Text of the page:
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Transcript
Social nature:
Collapsing dichotomies without unraveling the fabric of things
Adrian Ivakhiv
Pre-publication version.
Published version can be found in
Journal for the Study of Religion, Nature, and Culture 2.2 (2008), pp. 258-268.
Primary books reviewed
Nature, by Noel Castree (Key Ideas in Geography series, London and New York: Routledge,
2005)
Reassembling the Social: An Introduction to Actor-Network-Theory, by Bruno Latour (New
York: Oxford University Press, 2005).
After Method: Mess in Social Science Research, by John Law (New York: Routledge, 2004)
The world might be imagined as a web held together through oppositions, force fields of tension
overlaid against each other into a delicate network that holds everything we know in the elastic
space stretched between the opposable thumbs of multiple, invisible hands. By the world, I don‟t
necessarily mean atoms, photons and light rays, proteins and cells, bodies, structures, systems,
planets. I mean the world as an experienced, interpreted, storied, affective domain of relations,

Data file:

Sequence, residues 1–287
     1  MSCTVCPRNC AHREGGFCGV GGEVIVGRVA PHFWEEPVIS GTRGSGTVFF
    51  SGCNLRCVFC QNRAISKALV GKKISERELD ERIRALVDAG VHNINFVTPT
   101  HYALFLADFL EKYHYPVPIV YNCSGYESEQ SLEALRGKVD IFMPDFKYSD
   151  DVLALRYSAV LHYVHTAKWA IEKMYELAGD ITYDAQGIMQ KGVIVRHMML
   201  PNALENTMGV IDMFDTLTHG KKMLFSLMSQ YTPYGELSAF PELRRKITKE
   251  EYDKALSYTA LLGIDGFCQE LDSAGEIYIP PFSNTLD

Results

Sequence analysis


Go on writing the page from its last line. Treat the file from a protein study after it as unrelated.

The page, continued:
identifications, and involvements. In that world, or worlds (since they are differently experienced
and conceived by every world-bearing being), meanings and values are conferred through
distinction and differentiation: this is better than that, we do this and they do that, once upon a
time things were this way but now they‟re much worse (or better), and so on. We organize the
patterns and regularities we see, over time, into categories such as darkness and light, earth and
sky, cold and warm, raw and cooked, male and female, and then stitch these categories into
bundles: dark-earth-female versus light-sky-male, or variations along these lines. These
categories become the ways we make sense of our experience, which as always is imbued with
feeling, desire, sensations experienced collectively and individually.
So it is with the categories nature and culture, or nature and society. Or wilderness and
civilization, by which are generally meant something like nature at its utmost and society at its
best (or worst). The terms change over time and under the influence of social, political, and